I got a lot of inquisitive stares from fellow runners and the drivers as they went by on the road.  I also got stopped by the police!  I've heard of this happening to other barefoot runners, but I hadn't experienced it yet.  The guy was completely nice about it; he seemed concerned that something had happened to me (because who in their right mind would run without shoes on?).  But I quickly cleared it up, we both had a laugh, and he continued on.  I guess I'm a "real" barefoot runner now that I got the attention of the police.  ;-)

One female runner I passed on the latter half of the run made me chuckle to I was running toward her, I saw she was staring at me from the other side of the road.  And unlike most runners, she couldn't keep a poker face.  There was a look of confusion, then absolute disgust on her face as she passed, trying not to look at me.  I saw her laugh to herself as she went by too.  I noticed her long, awkward stride, tired expression, and her hunched over frame, and the only thing I could think of was "Well at least I don't look completely miserable in my running, Lady!" 

I might look like a crazy homeless athlete, but at least I'm now going along happy and actually enjoying myself.  Running looks like such a chore to some other people.

I also think the most important part of this for me is that running is now fun.  It's all fascinating to me, yes, but I also have a good time out there.  I came up on some parts of the sidewalk under trees, so there was a lot of "tree debris" like acorns, leaves, etc I had to avoid.  I felt like these were mini-obstacle courses in a sense, and I loved it.  I was smiling as I was bouncing around on the sidewalk, choosing my steps carefully and stepping lightly.  And I thought, "I bet most runners never have this experience."   You shod runners are probably thinking, "Hell no we don't have that experience!"  But I rather think you're missing out.  Having to occasionally dance around stuff like that adds so much more to my run.  The different terrain (concrete vs. asphalt, road markings, etc) all add a whole new dimension and spice to what might otherwise be nothing but a metronome type of run.  It's an interaction with your environment that I think a lot of people are missing out on.  It's just a really cool experience.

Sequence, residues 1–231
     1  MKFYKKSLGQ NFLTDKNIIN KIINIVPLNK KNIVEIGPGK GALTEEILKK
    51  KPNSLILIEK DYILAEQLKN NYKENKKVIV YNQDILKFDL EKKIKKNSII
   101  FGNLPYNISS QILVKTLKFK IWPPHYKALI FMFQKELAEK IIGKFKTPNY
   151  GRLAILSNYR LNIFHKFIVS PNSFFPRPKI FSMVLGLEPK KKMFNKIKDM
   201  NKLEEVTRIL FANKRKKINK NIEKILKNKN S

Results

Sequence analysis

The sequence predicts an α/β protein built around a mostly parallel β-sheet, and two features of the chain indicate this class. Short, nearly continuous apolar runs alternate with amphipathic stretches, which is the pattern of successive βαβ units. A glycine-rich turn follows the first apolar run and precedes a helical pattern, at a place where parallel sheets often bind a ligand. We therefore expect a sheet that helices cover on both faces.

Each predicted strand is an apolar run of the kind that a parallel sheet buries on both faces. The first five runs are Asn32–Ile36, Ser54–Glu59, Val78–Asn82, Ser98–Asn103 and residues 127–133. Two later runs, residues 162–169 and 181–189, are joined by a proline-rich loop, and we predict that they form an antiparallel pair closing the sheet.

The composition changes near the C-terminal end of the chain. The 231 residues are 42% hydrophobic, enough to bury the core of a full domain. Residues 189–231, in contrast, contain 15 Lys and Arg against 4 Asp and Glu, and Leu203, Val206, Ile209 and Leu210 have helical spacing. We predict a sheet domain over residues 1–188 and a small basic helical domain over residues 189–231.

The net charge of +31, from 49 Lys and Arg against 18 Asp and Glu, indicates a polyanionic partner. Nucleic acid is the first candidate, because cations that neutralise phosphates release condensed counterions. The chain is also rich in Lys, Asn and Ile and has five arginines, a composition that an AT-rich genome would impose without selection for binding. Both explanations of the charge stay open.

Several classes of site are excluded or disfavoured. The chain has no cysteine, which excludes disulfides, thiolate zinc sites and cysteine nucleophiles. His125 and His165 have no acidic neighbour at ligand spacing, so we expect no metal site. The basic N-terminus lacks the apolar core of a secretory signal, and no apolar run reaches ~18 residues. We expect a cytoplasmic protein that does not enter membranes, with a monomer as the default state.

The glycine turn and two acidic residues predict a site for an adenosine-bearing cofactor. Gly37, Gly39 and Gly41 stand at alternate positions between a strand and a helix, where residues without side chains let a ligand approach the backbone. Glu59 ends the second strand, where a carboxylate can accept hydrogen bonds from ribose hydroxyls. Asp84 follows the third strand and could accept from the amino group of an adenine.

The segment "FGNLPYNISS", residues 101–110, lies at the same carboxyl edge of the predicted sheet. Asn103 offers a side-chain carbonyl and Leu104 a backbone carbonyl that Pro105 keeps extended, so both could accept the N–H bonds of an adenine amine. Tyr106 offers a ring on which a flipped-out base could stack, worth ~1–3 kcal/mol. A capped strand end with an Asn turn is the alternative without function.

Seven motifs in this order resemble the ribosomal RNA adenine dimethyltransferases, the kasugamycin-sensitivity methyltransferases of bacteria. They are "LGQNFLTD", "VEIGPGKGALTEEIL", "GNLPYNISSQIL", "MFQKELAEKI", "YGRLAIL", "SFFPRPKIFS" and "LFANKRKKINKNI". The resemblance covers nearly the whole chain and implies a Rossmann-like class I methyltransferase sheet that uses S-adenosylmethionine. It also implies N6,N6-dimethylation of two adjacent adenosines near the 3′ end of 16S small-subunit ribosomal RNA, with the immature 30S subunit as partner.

And no, I'm not a tree hugger.  I just had a fitness test on Monday where I wore my flats, and every step felt the same.  Boring!  I think I am just the ADHD of runners.

Want to Run in Minimalist Shoes? Run Barefoot First.

I honestly think that minimalist running (shoes such as the Vibram FiveFingers, Merrell Barefoot line, Terra Planna Evos, etc) would work for the majority of people, but the problem (again) is the time it can sometimes take to get there. I see some people jump into a pair of Vibrams and end up hurting themselves two weeks later because they just either don't know to take it super conservatively, or aren't patient/disciplined enough to do it. I love my Vibrams (the four pairs I own ought to prove that!), but the biggest problem I have with them is that they are not truly like running barefoot. I found out the hard way that they deprive you of the important sensory feedback you get from your feet, and allow you to do too much, too soon. When I go barefoot, I know when to stop because my feet tell me to; usually it's the skin on the bottom of my foot telling me it's had enough. That is well before the internal structures of my foot become fatigued. That's why I now believe barefooting is actually safer, especially for someone new to minimalist running. It provides an excellent base to work off of later.